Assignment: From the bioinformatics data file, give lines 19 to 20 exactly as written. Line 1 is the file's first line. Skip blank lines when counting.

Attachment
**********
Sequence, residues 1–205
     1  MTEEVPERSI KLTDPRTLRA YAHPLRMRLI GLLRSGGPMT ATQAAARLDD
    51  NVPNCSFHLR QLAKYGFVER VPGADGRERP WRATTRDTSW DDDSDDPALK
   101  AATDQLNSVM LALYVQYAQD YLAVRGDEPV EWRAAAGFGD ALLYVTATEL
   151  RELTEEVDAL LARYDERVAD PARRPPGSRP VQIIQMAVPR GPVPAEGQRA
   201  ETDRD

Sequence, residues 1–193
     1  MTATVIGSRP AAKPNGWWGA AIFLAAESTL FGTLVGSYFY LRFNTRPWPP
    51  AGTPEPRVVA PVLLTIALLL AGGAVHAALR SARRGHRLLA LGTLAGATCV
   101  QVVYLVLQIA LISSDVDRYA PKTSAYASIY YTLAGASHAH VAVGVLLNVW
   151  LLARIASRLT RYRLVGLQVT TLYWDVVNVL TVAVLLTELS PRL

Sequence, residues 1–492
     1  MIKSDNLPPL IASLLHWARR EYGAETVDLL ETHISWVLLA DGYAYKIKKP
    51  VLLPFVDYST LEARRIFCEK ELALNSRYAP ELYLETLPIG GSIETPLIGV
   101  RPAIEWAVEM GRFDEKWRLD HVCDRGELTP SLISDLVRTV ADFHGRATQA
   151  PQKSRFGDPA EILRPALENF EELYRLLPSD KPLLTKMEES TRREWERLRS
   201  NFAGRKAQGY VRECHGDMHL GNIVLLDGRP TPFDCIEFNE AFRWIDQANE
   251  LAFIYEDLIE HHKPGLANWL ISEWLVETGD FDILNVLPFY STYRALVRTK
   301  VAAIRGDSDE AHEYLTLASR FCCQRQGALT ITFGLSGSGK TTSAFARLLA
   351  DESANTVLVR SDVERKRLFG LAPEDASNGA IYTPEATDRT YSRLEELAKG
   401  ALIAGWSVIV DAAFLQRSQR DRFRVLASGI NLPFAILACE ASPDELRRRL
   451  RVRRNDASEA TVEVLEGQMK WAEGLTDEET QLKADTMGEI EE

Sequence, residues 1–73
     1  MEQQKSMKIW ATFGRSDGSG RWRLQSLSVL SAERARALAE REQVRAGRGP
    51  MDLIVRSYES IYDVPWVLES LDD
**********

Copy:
   301  VAAIRGDSDE AHEYLTLASR FCCQRQGALT ITFGLSGSGK TTSAFARLLA
   351  DESANTVLVR SDVERKRLFG LAPEDASNGA IYTPEATDRT YSRLEELAKG